It was funny that this came up when it did because I had just written a chapter in my book on budgeting. In it, I emphasized that they key to a budget is in the present and future, not on the past. When we are more aware of our budget, we know when something comes up that needs to be accounted for (e.g., higher gas prices or increase in insurance rates). They key is the choices that are going to be made to account for these items. Yet, sometimes what happens is that people get caught up with what has happened in the past that they spend less time making their choices today and tomorrow. The husband became more willing to sit down for financial conversations when it was about special issues and not spending time rehashing the past. And, if insurance rates increase, the more time a couple has to review their options, the more likely they are to save by shopping around versus being forced to accept the higher rates because no one has the time to make the calls.

Morale: The more we focus on the choices we have (instead of had), the better off we will be financially.

If you use Quicken or other programs to track what has happened and it works for you, do not give it up because I said to simplify. Just make sure you are more focused on what choices you have today that will affect your tomorrow instead of being more focused on the past on the choices you had.

Some readers may ask, how do we know if our budget is really accurate if we do not track each item? I believe that we are more aware of our spending than we give ourselves credit for. We know that if we spend $300 on clothing a quarter, it is $1,200 a year. We know that if we spend $5 eating out 2 times a week that it is $520 a year. Now, is it important that we know that we spent $540 on eating out and $1,180 on clothing, if we saved the amount ($500 per month) we had planned to? Not in my book. It is more important to know that we have $10 to eat out a week and to choice to do so or not. It is more important going to the store that we come out with $300 or less in clothing (per the budget). And, if it was $400 in clothing, you would be truthful and report it to your spouse at the end of the month and discuss your choices for the next month to get back on track. By thinking of our purchases as we make them and how it relates to the budget is a form of tracking. More than not, we are aware month by month what we spent (with the exception of groceries if you went to an average of 3 stores per week). Even then, you would have a general ballpark estimate and if needed could put the receipts in a box to tally up at the end of the month for that category. Yet, I find even with my groceries that it is close to $100 a week ($50 for the weekly shopping and $100 every two weeks for the warehouse run).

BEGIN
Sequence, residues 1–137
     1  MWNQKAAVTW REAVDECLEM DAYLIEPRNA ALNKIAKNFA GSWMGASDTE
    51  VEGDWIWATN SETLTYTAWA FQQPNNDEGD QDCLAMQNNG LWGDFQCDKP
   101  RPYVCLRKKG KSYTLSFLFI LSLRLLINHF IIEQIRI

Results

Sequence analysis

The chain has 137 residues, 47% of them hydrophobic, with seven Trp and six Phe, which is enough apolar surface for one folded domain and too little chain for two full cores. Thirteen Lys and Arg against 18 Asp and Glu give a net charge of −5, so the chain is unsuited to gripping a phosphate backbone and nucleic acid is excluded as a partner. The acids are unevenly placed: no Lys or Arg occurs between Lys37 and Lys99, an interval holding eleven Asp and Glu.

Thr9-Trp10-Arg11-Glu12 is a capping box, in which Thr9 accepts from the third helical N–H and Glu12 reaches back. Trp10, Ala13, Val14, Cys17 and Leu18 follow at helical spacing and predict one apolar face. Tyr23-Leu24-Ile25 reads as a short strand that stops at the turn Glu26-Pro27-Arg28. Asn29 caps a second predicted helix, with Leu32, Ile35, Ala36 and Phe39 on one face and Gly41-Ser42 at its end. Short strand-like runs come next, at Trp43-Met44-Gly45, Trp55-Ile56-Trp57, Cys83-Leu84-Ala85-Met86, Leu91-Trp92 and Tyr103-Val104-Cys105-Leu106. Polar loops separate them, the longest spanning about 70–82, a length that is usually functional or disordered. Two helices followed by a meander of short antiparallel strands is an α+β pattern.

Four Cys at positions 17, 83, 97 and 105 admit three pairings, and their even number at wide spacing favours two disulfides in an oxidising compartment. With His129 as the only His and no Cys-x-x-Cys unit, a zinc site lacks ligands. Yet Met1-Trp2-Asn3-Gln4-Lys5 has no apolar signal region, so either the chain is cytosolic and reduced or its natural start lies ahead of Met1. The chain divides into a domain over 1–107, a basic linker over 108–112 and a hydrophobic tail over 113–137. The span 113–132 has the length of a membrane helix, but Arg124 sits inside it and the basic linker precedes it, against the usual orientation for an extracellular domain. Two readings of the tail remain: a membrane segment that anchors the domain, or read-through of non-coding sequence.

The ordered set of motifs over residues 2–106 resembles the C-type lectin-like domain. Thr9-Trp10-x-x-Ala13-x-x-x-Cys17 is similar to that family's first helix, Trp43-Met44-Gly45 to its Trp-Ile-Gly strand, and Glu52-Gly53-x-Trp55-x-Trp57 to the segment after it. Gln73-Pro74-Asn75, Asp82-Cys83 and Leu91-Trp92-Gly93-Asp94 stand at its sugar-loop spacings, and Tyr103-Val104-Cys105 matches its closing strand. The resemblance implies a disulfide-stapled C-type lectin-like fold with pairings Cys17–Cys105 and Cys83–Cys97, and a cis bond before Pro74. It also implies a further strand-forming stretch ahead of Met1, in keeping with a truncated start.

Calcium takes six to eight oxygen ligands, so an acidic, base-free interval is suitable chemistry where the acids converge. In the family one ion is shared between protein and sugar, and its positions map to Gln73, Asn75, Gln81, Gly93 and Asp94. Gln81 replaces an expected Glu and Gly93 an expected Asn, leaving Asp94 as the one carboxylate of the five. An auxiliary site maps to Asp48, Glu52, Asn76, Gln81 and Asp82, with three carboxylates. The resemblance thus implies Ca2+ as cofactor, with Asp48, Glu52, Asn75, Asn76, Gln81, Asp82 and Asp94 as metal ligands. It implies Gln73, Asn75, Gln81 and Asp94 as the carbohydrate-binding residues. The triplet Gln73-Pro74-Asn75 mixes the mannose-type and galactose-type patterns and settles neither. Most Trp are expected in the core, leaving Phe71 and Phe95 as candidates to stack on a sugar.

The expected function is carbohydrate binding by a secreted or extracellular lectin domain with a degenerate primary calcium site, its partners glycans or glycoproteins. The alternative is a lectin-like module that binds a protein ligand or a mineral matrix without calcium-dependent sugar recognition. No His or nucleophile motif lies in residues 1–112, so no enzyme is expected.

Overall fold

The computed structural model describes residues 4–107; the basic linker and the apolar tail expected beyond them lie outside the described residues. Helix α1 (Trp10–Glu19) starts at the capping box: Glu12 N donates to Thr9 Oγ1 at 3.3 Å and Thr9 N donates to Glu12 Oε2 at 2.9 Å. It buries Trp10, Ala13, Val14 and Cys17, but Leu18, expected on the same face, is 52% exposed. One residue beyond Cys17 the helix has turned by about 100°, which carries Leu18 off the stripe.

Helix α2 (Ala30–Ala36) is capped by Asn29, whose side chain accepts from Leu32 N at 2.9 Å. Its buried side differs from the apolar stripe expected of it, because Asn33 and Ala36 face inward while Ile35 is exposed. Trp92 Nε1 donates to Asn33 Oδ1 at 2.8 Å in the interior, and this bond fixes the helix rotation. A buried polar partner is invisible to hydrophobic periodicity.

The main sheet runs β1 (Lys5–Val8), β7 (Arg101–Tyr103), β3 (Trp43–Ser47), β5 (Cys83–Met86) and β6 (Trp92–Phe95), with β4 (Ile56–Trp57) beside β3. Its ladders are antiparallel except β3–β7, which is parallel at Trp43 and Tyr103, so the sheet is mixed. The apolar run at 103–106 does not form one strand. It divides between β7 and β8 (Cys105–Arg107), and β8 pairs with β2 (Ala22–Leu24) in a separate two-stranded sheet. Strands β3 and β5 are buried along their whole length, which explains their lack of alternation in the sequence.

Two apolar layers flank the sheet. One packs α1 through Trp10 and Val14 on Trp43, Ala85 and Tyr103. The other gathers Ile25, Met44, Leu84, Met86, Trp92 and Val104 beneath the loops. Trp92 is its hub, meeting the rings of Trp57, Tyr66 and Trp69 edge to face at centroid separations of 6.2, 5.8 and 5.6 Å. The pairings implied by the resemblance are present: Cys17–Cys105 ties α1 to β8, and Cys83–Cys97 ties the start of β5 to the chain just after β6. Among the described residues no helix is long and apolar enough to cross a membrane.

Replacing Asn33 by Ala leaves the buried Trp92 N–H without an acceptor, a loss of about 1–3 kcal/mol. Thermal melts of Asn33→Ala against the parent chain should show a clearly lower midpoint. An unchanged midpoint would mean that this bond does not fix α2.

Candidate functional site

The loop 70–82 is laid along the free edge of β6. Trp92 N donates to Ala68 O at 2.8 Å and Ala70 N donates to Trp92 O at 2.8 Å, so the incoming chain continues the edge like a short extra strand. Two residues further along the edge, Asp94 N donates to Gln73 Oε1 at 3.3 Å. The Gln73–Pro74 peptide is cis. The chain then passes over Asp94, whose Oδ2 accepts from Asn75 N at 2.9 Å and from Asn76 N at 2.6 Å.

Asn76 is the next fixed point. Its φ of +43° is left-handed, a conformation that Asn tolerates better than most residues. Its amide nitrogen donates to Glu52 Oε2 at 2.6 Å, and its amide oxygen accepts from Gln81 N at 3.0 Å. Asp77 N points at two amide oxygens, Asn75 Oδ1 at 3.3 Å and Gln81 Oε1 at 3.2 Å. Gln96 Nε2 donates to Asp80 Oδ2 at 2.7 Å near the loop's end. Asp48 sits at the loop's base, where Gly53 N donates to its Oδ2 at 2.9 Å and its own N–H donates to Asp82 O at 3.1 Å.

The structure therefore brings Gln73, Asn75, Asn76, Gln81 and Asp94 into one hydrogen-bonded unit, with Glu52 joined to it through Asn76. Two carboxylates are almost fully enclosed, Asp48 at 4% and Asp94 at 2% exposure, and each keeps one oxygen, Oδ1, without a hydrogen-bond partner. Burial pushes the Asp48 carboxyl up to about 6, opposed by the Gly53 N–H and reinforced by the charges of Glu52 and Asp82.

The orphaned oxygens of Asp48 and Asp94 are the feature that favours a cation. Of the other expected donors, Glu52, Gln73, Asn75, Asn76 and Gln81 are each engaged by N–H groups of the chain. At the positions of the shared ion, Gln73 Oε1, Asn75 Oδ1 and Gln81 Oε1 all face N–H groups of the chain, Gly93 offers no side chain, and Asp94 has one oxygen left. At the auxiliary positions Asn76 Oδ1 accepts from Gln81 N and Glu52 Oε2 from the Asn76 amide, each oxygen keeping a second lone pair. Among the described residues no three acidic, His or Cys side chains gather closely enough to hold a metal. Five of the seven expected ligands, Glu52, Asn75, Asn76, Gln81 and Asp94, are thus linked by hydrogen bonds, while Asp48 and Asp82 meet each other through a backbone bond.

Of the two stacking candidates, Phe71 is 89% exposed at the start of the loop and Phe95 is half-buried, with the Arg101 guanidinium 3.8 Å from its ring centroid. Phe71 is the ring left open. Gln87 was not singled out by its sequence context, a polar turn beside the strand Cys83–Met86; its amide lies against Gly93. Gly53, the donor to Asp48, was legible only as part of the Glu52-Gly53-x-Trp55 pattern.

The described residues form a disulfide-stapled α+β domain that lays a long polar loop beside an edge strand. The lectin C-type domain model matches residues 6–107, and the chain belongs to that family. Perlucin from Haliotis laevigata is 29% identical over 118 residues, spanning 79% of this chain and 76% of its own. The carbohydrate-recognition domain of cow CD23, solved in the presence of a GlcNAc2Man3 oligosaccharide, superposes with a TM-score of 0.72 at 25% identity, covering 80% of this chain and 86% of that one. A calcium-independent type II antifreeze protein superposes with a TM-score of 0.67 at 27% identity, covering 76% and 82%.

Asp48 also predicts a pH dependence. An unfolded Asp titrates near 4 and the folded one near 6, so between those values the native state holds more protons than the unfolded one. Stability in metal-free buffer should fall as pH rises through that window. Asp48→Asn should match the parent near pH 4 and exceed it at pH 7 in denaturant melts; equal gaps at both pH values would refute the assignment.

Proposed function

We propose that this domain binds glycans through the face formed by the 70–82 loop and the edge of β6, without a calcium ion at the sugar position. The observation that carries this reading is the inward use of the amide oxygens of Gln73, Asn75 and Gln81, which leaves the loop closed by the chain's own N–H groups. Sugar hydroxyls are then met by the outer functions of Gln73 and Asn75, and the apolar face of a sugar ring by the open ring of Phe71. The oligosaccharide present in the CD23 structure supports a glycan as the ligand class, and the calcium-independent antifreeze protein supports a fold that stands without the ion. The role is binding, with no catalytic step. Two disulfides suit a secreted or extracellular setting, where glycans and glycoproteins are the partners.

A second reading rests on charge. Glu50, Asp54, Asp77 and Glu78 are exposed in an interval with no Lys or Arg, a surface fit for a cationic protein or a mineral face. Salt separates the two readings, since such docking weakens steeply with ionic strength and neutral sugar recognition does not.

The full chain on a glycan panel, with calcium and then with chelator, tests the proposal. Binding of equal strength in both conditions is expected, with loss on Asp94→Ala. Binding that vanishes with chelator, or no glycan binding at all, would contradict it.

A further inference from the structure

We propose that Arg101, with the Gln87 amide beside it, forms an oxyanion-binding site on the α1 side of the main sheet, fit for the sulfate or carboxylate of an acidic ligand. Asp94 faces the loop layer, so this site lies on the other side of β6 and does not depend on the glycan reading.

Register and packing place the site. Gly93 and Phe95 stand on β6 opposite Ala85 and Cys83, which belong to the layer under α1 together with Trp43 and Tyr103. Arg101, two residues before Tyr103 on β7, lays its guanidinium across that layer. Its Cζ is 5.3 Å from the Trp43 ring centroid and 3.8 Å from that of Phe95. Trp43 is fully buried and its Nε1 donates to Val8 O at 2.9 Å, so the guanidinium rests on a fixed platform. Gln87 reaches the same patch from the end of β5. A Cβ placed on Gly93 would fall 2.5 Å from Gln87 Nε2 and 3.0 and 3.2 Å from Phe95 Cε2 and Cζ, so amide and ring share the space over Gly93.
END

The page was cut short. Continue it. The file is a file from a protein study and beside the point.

My concern is that people rely on a program than mentally keeping tabs where they stand financially when shopping. Or, that they spend too much time on figuring out a program than using that time to make better decision for the future. We all wish we had more time during the day, thus the less time spent on the past leaves more time for the present and future.